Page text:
[StATS]: Incorporating risk factors into diagnostic test calculations (November 9, 2006).
A contributor to the Evidence-Based Health email discussion group (PK) raised an interesting question about how to incorporate information about risk factors when applying the results of a diagnostic test.
When you are estimating a pre-test probability for a diagnostic test, you need to take three steps:
- find an estimate of the prevalence of the disease in the general population,
- modify this estimate based on characteristics of your particular practice, and
- further modify this estimate based on characteristics of the individual patient that is currently sitting in front of you.
Risk factors should be incorporated in the third step. If your patient has diabetes, you should increase the pre-test probability estimates of arteriosclerosis, retinopathy, and renal disease. If your patient has a long history of cocaine abuse, you should increase the pre-test probability of various sinus and nasal diseases. If your patient has a sister who was diagnosed with breast cancer at the age of 45, you should increase the pre-test probability of breast cancer for this patient.
How much you adjust the pre-test probability is tricky, but it should certainly be done. This is classic illustration of how we can apply David Sackett’s admonition to individualize the practice of EBM.
You could indeed think of the risk factors as diagnostic tests in their own right. Some of these ideas are covered in the JAMA Rational Clinical Examination series. Still this seems to me to be bit much. So if you are testing for heart disease and the patient is a smoker, just double the prevalence estimate.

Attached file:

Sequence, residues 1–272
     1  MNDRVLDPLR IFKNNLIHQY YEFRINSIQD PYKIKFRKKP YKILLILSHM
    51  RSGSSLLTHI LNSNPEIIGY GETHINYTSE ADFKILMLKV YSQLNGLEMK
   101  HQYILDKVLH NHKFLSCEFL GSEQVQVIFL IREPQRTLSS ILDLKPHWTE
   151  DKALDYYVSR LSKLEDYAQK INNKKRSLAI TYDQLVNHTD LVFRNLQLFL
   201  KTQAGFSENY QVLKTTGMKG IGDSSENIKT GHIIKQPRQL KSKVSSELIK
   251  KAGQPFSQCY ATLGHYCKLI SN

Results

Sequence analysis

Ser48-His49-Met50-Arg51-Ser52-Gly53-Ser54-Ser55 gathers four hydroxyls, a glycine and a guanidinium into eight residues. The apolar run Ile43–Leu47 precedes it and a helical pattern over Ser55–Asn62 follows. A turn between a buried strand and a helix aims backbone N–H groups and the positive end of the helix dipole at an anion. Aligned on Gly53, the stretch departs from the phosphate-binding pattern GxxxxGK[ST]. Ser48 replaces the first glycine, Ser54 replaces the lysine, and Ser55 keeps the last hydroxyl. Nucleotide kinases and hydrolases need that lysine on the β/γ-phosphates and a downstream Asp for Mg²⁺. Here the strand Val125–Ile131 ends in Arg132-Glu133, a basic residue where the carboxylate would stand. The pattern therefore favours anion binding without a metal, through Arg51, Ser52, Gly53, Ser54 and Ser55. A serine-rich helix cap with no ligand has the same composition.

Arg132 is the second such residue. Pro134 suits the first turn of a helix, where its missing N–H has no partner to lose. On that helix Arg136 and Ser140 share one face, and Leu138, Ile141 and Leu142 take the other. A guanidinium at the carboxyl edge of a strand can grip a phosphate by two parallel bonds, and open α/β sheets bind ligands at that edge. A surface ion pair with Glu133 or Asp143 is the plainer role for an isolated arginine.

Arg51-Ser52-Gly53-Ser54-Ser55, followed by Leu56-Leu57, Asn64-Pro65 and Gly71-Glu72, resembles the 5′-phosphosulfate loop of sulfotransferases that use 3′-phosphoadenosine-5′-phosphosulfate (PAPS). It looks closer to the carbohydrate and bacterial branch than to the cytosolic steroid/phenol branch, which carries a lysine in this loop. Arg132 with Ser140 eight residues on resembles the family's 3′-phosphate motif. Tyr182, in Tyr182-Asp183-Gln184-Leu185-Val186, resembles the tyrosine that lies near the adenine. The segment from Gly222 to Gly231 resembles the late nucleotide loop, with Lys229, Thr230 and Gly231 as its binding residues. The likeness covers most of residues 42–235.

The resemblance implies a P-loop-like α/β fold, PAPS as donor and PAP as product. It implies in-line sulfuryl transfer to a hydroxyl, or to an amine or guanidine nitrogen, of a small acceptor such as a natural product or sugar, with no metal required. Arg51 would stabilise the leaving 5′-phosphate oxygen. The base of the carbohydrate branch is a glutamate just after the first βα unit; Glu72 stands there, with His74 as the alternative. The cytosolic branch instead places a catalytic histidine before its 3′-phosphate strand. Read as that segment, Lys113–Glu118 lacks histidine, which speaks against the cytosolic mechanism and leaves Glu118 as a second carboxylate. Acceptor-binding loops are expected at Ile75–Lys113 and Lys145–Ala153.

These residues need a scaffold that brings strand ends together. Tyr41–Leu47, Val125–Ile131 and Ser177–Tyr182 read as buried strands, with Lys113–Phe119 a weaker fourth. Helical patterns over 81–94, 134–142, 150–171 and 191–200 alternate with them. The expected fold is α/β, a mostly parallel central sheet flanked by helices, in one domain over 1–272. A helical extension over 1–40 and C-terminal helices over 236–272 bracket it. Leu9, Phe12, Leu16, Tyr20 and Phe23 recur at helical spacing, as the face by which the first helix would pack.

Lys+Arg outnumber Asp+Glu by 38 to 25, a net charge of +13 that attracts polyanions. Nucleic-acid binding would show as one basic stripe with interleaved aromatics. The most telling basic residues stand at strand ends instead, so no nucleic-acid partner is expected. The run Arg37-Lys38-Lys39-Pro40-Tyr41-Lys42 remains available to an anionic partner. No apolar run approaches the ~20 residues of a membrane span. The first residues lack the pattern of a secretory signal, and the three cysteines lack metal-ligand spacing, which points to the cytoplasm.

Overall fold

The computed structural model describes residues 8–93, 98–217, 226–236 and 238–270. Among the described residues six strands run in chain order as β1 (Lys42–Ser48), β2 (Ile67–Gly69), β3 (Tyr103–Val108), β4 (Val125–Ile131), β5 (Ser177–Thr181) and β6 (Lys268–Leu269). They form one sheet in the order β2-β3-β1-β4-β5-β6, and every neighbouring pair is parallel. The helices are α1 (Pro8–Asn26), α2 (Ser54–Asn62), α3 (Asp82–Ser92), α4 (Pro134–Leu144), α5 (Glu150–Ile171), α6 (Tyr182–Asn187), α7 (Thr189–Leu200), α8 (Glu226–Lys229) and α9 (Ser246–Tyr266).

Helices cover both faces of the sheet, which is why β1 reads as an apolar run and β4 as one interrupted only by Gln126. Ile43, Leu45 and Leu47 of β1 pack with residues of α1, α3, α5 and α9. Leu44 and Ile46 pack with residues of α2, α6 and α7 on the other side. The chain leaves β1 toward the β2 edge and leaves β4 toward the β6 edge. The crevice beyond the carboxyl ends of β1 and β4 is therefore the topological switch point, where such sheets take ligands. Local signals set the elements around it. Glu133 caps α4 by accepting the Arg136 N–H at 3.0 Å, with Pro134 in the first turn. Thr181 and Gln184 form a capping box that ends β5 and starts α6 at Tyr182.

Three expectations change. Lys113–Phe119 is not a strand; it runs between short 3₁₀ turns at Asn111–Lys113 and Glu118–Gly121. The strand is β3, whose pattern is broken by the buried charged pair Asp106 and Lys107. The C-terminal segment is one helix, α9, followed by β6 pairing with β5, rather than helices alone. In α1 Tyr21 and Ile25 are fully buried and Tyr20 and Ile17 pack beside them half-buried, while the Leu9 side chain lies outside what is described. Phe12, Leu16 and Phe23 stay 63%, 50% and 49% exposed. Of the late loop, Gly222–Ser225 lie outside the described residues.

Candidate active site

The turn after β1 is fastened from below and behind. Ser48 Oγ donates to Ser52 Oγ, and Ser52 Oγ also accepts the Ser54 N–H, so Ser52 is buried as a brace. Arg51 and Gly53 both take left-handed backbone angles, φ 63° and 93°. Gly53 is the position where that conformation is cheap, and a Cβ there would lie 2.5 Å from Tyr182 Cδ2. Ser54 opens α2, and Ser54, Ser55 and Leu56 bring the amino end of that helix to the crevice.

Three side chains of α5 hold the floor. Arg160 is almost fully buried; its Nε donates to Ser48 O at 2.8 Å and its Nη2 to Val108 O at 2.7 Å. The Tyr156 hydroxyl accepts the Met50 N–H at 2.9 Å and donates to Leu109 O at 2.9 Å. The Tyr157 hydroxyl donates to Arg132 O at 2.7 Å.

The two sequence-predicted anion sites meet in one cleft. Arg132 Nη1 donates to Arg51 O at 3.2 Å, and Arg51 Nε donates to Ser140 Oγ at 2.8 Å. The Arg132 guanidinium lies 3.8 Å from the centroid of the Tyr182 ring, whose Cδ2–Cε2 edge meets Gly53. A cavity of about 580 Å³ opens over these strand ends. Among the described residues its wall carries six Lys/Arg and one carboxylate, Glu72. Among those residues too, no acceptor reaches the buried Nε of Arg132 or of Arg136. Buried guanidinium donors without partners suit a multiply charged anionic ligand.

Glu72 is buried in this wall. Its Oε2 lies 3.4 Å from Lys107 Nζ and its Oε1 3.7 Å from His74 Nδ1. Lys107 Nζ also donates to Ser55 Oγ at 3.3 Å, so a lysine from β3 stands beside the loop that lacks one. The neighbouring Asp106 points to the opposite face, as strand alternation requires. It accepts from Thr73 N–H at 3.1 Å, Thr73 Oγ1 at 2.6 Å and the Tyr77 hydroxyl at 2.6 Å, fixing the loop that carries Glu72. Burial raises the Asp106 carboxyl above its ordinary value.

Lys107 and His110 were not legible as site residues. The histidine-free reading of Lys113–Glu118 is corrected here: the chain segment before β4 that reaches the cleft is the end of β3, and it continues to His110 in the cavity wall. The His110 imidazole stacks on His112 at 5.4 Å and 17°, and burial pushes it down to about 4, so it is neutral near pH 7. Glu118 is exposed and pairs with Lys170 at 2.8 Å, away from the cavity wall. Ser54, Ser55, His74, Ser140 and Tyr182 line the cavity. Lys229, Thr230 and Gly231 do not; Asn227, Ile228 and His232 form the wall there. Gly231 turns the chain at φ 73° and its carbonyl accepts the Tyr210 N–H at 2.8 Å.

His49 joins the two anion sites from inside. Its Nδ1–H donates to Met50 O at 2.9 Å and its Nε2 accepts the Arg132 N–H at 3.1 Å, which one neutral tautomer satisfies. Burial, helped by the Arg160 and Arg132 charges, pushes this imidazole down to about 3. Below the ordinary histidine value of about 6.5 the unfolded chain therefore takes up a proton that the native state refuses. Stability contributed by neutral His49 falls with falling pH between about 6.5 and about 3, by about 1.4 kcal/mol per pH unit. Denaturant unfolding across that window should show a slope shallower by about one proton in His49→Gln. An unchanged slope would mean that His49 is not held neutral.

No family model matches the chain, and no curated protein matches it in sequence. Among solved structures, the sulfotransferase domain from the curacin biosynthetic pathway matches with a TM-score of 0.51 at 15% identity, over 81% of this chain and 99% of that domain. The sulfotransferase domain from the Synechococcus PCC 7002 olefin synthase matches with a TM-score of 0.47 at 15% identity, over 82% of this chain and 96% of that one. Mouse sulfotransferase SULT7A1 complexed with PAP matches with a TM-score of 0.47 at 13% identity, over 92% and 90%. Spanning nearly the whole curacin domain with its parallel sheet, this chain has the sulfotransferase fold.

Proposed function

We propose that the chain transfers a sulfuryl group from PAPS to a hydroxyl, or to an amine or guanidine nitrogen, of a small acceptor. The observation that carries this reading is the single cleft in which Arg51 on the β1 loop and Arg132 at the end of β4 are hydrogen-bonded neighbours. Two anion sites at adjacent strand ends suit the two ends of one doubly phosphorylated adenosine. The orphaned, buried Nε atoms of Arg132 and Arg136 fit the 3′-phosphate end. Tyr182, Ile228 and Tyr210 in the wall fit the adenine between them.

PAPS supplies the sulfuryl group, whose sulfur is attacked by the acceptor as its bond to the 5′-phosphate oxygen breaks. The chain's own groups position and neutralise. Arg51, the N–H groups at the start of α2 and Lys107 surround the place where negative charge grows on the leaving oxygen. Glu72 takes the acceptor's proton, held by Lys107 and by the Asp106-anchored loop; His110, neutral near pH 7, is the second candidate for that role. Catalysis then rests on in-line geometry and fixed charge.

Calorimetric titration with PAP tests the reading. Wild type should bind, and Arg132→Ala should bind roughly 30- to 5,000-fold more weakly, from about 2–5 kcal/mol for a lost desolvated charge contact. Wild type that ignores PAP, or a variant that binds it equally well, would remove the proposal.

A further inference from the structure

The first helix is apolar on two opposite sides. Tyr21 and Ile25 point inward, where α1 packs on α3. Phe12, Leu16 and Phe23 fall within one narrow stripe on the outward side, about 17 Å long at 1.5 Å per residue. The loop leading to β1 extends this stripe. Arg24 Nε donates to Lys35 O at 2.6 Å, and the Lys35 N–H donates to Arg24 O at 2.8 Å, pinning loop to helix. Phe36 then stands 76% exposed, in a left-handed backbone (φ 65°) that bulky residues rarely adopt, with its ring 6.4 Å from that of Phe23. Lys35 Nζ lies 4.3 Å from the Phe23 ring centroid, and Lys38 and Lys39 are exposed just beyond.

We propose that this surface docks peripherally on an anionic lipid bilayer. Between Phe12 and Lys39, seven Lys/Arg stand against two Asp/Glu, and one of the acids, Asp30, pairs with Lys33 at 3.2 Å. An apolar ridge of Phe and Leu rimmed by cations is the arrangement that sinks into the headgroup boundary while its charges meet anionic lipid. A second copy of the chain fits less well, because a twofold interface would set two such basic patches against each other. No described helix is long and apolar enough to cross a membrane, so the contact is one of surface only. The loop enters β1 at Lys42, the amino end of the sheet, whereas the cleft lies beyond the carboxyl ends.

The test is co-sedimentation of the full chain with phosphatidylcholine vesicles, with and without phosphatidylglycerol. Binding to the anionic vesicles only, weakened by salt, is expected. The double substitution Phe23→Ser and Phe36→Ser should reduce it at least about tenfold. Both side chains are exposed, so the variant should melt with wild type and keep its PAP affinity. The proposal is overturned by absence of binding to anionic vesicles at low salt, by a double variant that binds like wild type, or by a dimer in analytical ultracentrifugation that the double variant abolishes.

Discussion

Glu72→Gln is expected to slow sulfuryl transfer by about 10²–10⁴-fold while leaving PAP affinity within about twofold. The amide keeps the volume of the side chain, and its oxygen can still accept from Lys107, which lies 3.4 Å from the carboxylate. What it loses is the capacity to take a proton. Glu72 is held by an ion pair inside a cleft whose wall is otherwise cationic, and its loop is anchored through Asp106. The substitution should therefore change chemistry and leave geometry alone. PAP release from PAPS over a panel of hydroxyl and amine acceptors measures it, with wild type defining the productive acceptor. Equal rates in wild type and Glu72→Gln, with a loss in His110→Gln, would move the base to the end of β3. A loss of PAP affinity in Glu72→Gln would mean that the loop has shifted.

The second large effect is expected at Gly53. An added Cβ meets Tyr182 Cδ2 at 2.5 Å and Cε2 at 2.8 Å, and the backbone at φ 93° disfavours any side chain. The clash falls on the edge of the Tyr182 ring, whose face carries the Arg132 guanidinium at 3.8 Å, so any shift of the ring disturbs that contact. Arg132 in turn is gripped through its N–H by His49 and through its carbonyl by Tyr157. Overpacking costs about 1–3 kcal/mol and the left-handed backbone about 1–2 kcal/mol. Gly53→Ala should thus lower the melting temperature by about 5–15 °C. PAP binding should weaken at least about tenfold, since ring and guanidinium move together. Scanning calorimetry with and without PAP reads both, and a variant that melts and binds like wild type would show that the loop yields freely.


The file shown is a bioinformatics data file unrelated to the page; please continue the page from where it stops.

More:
Don’t forget about the Step-2 adjustments also. Where you practice medicine can make a big difference in your pre-test probability. If you work in a tertiary care center, your prevalence rates are probably higher than it would be for a primary care physician. The funneling of patients and the screening/filtering that goes on will tend to concentrate the proportion of difficult cases.
There’s an amusing story about screening for alcohol abuse. It turns out (not surprisingly) that alcohol abuse is very much dependent on the age and gender of the patient which is important for your Step-3 adjustment, but another interesting fact is that the rate of abuse in an outpatient setting is about twice that of the rate in the general population. For an inpatient setting, the rate is four times higher. These are Step-2 adjustments.
%22Why is it that patients in an outpatient or inpatient setting have a much greater probability of alcohol abuse?" I will typically ask my students. “Does being around doctors so much drive people to drink?” The answer, of course, is actually quite logical. People who abuse alcohol tend to have more health problems than the general population and tend to be overrepresented in outpatient and inpatient settings.
- Making Medical Decisions. Richard Gross (1999) Philadelphia, PA: American College of Physicians. [BookFinder4U link]
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